The I Spy challenge is very simple:
Find a book that contains (either on the cover or in the title) an example for each category. You must have a separate book for all 20, get as creative as you want and do it within five minutes!
Five minutes is tough, so I ignored that, but did try not to overthink it – going mostly with the first book that came to mind for each category as I scanned my library. I managed to come up with the basic mix of books I’ve read, plus one from my TBR reasonably quickly. Click on the titles in each case to go to my reviews.
- Food: John Saturnall’s Feast by Lawrence Norfolk – Fabulous historical novel about a kitchen boy at a manor house who rises to become the cook. Starting in 1625, food, love, and the English Civil War, entwined with a hint of mythology, a mad Puritan clergyman and the central biblical allegory of Eden, mixed together make the recipe for a rich narrative feast.
- Transport: The Reader on the 6.27 by Jean-Paul Didierlaurent – a charming French fable about a man who rescues pages of books from being shredded and reads them aloud on the train.
- Weapon: Any Old Iron by Anthony Burgess – about Excalibur (in the TBR)
- Animal: The Giraffe’s Neck by Judith Schalansky – Frau Inge Lohmark is a teacher of biology to teenagers. She is defiantly old school, teaching from the front, chalk and talk – a bit of a dinosaur in the world of education some might say – at risk of dying out. A Darwin devotee, Frau Lohmark does have a real passion for her subject, but not so much her pupils…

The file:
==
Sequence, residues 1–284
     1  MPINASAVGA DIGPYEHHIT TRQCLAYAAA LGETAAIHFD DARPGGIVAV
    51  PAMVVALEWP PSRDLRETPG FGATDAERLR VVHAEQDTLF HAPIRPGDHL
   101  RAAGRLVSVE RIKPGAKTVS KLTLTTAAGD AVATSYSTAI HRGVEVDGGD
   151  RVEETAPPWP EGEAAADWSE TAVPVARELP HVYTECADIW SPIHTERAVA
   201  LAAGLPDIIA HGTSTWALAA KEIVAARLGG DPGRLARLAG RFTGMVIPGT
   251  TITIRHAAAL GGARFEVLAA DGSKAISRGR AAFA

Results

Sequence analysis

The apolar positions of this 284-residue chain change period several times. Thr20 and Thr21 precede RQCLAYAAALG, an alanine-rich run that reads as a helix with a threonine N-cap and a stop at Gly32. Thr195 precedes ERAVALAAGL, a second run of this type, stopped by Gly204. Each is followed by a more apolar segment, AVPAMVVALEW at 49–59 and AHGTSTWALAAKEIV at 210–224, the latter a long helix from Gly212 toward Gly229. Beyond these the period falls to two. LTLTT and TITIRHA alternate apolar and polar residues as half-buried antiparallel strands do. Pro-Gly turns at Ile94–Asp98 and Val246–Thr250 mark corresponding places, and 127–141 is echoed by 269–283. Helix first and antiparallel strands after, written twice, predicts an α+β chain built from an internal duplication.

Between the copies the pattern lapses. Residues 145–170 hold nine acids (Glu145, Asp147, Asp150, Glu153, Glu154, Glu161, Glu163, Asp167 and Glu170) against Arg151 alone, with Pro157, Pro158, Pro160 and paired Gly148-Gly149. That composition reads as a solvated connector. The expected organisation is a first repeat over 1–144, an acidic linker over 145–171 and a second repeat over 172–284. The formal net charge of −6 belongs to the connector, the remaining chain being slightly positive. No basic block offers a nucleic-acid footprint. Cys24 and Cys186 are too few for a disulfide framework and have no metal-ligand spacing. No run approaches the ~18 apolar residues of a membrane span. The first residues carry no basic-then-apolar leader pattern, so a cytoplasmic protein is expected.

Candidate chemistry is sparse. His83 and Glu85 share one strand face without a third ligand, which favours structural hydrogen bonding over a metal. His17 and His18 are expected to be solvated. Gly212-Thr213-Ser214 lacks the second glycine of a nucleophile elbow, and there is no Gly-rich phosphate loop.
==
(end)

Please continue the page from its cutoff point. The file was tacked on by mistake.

- Number: 4 3 2 1 by Paul Auster. I make no secret of the fact that I’m a huge Auster fan, and this brick of a book was marvellous.
- Something You Read: Diary of a Provincial Lady by EM Delafield. Which reminds me – I must read the others in this series, for this book was such a delight.
- Body of Water: Bodies of Water by VH Leslie – a dual timeline suspense novel (contemporary and Victorian) and the Thames runs through it.
- Product of Fire: A Lovely Way to Burn by Louise Welsh. The first volume of her dystopian Plague Times trilogy. A thriller set in a deadly pandemic, loved it – and the two other volumes! Highly recommended.
- Royalty: The Black Prince by Iris Murdoch. This book has been growing on me since I wrote my recent review – can’t put my finger on why, but it has.
- Architecture: The Cleaner of Chartres by Salley Vickers. This is a quiet novel, but one with emotional depth, set around the great cathedral.
- Clothing: City of Veils by Zoe Ferraris. A crime novel set in Jeddah, Saudi Arabia, with a heroine forensic technician who is determined to get around the restrictive rules for women workers. We read this in our book group – we all enjoyed it and it generated some great discussion.
- Family Member: Auntie Poldi and the Sicilian Lions – Written by a German and set in Sicily, this is the first crime adventure novel featuring the irrepressible Poldi who has retired to Sicily to die, but finds that she’s not ready yet. Hilarious and good fun.
- Time of Day: Waiting for Sunrise by William Boyd. Another book group choice. Vienna in the year before WWI, Freud and all that. What’s not to love.
- Music : 33 Revolutions by Canek Sánchez Guevara. In this novella by Che’s grandson, life is like a cracked record. Very evocative.
- Paranormal Being: Horrorstor by Grady Hendrix. This horror novel with nasty undeed things under the showroom is a triumph of style over substance, but the novel as IKEA catalogue just begs to be read.
- Occupation: Shopgirl by Steve Martin. The comedian is an even better writer!
- Season: Winter Games by Rachel Johnson. British toffs at finishing school in 1930s Munich. Great fun, but not serious enough.
- Colour: Tangerine by Christine Mangan. Patricia Highsmith meets Gone Girl in 1950s Tangier. In thrall to Highsmith, but still good fun.
- Celestial Body: Star of the North by DB John – One of this year’s best thrillers yet – partly set in North Korea.
- Something that grows: Revenge of the Lawn by Richard Brautigan. We read this earlier this year as our ‘green’ book at book group. Brautigan’s collection of short fiction was rather beguiling I thought. Quirky too and often beautiful.
So, there are my choices. Feel free to do your own ‘I Spy’ lists.